I’ll try to give you a small sense of how rare that is. I’m a student of Clio which verges on the Physical Sciences in the sense that our assertions are expected to be duplicateable and falsifiable which is to say you can look at the same record of events I did or indeed a different record and find confirmational evidence or facts which show me an asshat in which case I will semi-graciously retire from the field of intellectual battle to sulk in my tent, as did Achilles.

We are considered among the most rigorous of Social Sciences (along with Archeology which is more bits and pieces of garbage and where to find them) but we don’t, like most Social Sciences, actually design experiments (the ethics are complicated and how do you duplicate the passage of time under different conditions?) and primarily rely on interpretation.

This was not that. This is the most scientific Economic experiment I have ever seen.

What would happen if we randomly gave $1,000 to poor families? Now we know.
By Francisco Toro, Washington Post

Dozens of studies have already shown conclusively that just handing very poor people a considerable sum of cash can transform their lives in lasting ways. That is hardly surprising. But this study set out to ask a different question: What about their neighbors?

Say you’re living in deep poverty in rural Kenya, and the poorest people in the village next door to yours get a big cash transfer, but you don’t. Does that do you any good at all? Or is your neighbor’s luck your misfortune, because local prices jump, say, leaving you worse off than before? Setting aside the direct recipients, what do cash transfers do to local economies?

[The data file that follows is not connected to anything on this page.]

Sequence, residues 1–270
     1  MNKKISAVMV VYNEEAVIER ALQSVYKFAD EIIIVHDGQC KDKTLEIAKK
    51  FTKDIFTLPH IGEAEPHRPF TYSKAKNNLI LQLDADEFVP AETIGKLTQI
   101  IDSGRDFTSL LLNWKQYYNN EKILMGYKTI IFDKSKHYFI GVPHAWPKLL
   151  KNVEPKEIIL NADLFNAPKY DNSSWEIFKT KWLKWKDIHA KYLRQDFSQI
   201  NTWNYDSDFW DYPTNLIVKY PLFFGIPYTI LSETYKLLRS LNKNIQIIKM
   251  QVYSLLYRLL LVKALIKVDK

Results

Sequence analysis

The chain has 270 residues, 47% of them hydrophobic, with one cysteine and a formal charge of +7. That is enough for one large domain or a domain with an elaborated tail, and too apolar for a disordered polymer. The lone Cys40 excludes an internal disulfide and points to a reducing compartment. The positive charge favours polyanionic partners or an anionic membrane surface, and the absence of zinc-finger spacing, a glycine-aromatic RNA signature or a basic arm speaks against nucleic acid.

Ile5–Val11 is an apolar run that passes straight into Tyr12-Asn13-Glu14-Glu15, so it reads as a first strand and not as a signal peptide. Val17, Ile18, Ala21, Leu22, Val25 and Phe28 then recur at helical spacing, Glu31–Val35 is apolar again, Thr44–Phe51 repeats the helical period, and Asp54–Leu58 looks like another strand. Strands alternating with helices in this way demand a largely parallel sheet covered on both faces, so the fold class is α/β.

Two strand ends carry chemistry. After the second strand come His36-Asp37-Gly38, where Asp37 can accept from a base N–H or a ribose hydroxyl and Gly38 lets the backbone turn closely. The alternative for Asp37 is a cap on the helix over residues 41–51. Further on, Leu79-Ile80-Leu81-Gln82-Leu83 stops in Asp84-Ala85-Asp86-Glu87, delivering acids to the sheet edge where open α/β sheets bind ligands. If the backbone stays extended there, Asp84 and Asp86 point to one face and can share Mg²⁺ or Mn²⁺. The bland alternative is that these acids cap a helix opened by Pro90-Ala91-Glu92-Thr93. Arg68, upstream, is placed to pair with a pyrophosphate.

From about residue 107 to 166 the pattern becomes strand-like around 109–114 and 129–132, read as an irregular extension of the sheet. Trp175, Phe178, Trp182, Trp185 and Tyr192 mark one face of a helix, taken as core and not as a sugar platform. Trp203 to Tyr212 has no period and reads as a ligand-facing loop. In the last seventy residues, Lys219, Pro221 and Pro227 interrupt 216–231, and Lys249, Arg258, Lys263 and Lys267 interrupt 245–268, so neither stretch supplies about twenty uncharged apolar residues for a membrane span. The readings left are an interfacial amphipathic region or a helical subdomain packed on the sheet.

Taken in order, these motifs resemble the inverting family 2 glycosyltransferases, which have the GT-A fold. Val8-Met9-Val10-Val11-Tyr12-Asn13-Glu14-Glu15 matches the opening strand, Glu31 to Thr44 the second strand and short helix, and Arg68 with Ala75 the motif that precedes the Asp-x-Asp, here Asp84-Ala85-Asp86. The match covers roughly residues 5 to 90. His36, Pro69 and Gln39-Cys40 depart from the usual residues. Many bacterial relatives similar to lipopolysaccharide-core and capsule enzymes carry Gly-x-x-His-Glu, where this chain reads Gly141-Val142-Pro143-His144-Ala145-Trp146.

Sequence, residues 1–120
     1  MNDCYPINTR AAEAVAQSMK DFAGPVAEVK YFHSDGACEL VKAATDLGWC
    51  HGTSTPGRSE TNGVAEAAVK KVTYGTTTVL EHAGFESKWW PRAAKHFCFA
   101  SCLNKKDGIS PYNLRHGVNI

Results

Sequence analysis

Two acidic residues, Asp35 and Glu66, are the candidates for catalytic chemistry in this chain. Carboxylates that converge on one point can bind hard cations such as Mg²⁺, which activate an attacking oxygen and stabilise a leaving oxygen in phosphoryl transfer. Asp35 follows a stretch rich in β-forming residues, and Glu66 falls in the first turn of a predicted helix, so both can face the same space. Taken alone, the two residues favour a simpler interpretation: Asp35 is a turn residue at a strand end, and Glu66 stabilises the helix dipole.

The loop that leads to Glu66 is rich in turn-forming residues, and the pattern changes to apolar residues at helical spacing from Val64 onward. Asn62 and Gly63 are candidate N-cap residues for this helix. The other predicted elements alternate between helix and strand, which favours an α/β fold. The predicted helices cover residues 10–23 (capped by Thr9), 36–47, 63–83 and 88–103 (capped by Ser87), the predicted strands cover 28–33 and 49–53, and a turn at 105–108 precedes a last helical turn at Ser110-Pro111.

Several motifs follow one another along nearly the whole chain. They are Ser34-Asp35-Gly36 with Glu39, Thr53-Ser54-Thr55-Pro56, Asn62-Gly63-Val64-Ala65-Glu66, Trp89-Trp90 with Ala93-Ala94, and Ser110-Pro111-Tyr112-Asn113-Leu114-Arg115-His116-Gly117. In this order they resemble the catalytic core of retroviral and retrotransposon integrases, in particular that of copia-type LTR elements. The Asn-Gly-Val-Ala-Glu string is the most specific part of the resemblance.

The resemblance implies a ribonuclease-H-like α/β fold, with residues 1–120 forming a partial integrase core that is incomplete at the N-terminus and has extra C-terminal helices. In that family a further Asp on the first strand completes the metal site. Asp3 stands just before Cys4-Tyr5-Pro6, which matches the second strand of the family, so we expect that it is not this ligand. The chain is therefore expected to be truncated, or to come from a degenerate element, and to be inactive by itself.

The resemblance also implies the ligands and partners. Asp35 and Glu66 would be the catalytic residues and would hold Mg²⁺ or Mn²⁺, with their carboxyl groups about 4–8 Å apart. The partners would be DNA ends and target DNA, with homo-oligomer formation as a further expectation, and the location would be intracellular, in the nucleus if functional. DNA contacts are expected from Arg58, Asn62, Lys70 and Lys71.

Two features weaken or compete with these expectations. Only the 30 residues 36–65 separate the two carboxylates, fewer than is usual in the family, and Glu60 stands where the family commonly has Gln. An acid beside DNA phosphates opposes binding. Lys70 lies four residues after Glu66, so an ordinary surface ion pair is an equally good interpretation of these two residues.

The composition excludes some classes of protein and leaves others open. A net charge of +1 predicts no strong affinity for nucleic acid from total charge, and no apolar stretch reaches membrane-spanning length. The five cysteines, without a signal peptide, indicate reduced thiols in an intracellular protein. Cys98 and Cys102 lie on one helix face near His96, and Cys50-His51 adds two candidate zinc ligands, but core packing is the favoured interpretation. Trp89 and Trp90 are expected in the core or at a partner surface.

Working in Siaya County, in rural western Kenya, researchers Dennis Egger, Johannes Haushofer, Edward Miguel, Paul Niehaus and Michael Walker spent five years and more than $10 million to find answers to these questions.

(T)hey carried out detailed surveys of thousands of people both in villages that had been randomly picked to receive cash transfers and in those that didn’t get them. This allowed them to do something no researcher had tried before: Use a randomized controlled trial to identify and measure the impacts of handing out cash on the entire area.

Their findings are significant: Cash transfers benefited the entire local economy, not just direct recipients. As money made its way through the area, both families who did and did not receive cash ended up substantially better off.

Just as importantly, they could find little in the way of adverse effects from the experiment, either in villages that got the cash or in those that didn’t. Spending on temptation goods — such as cigarettes, alcohol and gambling — did not increase. People didn’t work less. Rates of domestic violence didn’t change, nor did more children drop out of school. Local income inequality levels did not change. And contrary to a common fear, the program had minimal effect on prices: Inflation increased less than 1 percent over and above Kenya’s overall rate.